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The upcoming official visit by United States President Barack Obama has sparked fierce debate between thrilled diplomats and concerned activists in the US.
Former diplomats say that Obama’s visit, a first for a sitting American president, is welcome news that recognizes the two countries’ ever-increasing ties. Meanwhile, human rights activists say the visit could be seen as an endorsement of the Ethiopian government’s alleged restriction of press and political freedoms.
The US State Department, in its annual Human Rights Report issued on June 25, grouped Ethiopia together with a small list of countries including China and Eritrea, accused of contravening human rights. Rights groups say that despite such reports, the US priorities its security cooperation with Ethiopia while turning a blind eye to rights abuse.
A historic visit
Former presidents Jimmy Carter, Bill Clinton and George Bush have all visited Ethiopia, but only after leaving office. The 44th US President Barack Obama visited Ethiopia back in 2006, as senator of Illinois.
“This will be the first visit of a sitting U.S. President to Ethiopia and to the African Union headquarters, underscoring our efforts to work with the countries and citizens of sub-Saharan Africa to accelerate economic growth, strengthen democratic institutions, and improve security, “ the White House announced in a statement.
Back in March, the White House had announced that the president would attend the 2015 Global Entrepreneurship Summit in Nairobi, Kenya. President Obama’s stop in Ethiopia, disclosed last week, will reportedly follow his stay in Kenya.
Former diplomats, who served as US ambassadors to Ethiopia, have welcomed the news saying it recognizes the two countries long and important relationship.
“In spite of the long relationship the United States has had with Ethiopia, dating back to Emperor Menelik, a sitting American president has never visited the country. I believe the White House decided it was time to rectify this situation,” says David Shinn who served as American top diplomat in Ethiopia in mid 1990s.
Shinn, now a professor at George Washington University’s Elliott School of International Affairs, told Capital that there has been “close collaboration” between the two countries in various areas including counter terrorism operations for at least 20 years.
Vicki Huddleston, who also served as American Ambassador to Ethiopia, said she was pleased to hear about the visit.
Huddleston served as Chargé d’Affaires ad interim during the post-2005 election period, which saw violence that claimed hundreds of lives. Ethiopia has continued to receive US aid amounting to billions of dollars annually.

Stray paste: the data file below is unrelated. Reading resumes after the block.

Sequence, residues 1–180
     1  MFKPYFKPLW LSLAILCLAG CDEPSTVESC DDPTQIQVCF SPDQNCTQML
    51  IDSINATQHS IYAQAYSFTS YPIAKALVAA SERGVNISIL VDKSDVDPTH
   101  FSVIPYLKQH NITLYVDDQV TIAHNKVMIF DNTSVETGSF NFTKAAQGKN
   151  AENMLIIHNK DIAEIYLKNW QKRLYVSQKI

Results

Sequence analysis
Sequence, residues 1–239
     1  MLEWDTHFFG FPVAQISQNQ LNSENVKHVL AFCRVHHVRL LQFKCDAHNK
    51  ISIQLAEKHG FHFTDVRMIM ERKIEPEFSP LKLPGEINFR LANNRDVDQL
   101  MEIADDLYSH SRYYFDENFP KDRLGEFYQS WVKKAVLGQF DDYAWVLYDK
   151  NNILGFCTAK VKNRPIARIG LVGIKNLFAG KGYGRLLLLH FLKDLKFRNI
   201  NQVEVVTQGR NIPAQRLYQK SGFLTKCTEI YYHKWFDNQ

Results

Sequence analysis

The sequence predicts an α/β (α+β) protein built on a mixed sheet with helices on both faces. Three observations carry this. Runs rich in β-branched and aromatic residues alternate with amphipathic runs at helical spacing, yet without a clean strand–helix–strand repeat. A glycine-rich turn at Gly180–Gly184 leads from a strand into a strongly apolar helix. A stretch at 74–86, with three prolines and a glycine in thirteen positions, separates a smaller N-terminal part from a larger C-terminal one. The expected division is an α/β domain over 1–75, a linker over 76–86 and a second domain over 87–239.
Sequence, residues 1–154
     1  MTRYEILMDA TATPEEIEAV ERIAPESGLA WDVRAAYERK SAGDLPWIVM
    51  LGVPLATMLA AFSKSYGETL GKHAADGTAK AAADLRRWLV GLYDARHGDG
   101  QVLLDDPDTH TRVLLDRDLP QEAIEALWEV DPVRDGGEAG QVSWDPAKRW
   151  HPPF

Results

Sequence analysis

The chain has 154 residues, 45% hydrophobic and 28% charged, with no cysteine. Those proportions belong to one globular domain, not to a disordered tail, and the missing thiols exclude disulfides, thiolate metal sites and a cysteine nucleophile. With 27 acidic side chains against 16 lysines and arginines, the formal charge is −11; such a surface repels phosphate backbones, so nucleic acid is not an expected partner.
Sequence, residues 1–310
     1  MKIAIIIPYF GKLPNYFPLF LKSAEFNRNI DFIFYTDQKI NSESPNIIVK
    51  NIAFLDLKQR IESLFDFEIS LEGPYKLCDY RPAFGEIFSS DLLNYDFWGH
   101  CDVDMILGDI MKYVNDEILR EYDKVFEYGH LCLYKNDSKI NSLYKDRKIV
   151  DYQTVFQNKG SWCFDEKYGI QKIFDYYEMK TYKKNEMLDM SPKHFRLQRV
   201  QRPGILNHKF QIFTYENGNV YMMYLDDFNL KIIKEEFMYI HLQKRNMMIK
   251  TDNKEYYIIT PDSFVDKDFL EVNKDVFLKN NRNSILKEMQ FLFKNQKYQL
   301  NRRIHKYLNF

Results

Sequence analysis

The former diplomat said Obama’s visit comes because Ethiopia “is a leader in the continent and “a good friend” of the US.
Appointed by Obama in 2009, Huddleston served as U.S. Deputy Assistant Secretary of Defense for African Affairs in the Office of the Secretary of Defense until her retirement in January 2012. During this period, Ethiopia agreed to house a US military facility in Arba Minch, which includes a US Air Force airfield for drone operations.
Ethiopian and American forces enjoy close cooperation and have launched multiple strikes against fighters of the Somalia-based al-Shabaab. The terrorist group, despite losing its stronghold in Somalia, is managing to stage deadly attacks throughout the region.
“I know that the U.S. government appreciates Ethiopia’s strong stand against extremism,” said Huddleston. She did not comment on the significance of the Arba Minch base for US counter-terrorism operations in Eastern Africa.
However, Huddleston described the facility as “small” and “an example of productive cooperation between” the two governments.
Last month senior Ethiopian officials including Defense Minister Siraj Fegessa and Chief of Staff Samora Yenus went to Washington “to review U.S. security cooperation in Ethiopia”.
Wrong message on democracy
The news of Obama’s upcoming visit has been met with criticism among rights groups and prominent media outlets. Many are using social media to call for campaigns and demonstrations to protest the visit.
Officials at the Human Right Watch equated the visit with a gift made to an oppressive government. The Washington Post said that despite its growing economy, Ethiopia is standing out in Africa for “increasingly harsh repression and its escalating chokehold on independent media and political dissent.”
By choosing Ethiopia, “Mr. Obama is sending a message to Africa that democracy isn’t all that important after all,” said the Post in its editorial.
Amidst the criticisms, officials at the White House reportedly said that Obama’s visit to Addis Ababa “is more about America’s relationship with sub-Saharan Africa than a single nation”.
But former State Department senior official Vicki Huddleston said Obama’s visit to Ethiopia is being unfairly targeted.
“The President visits all types of government around the world – some of whom we agree with, some of whom we do not. I do not think it is correct to treat Africa differently. The President should visit Ethiopia and all other African countries where he can promote U.S. interests in democracy, stability, and economic growth,” Huddleston said.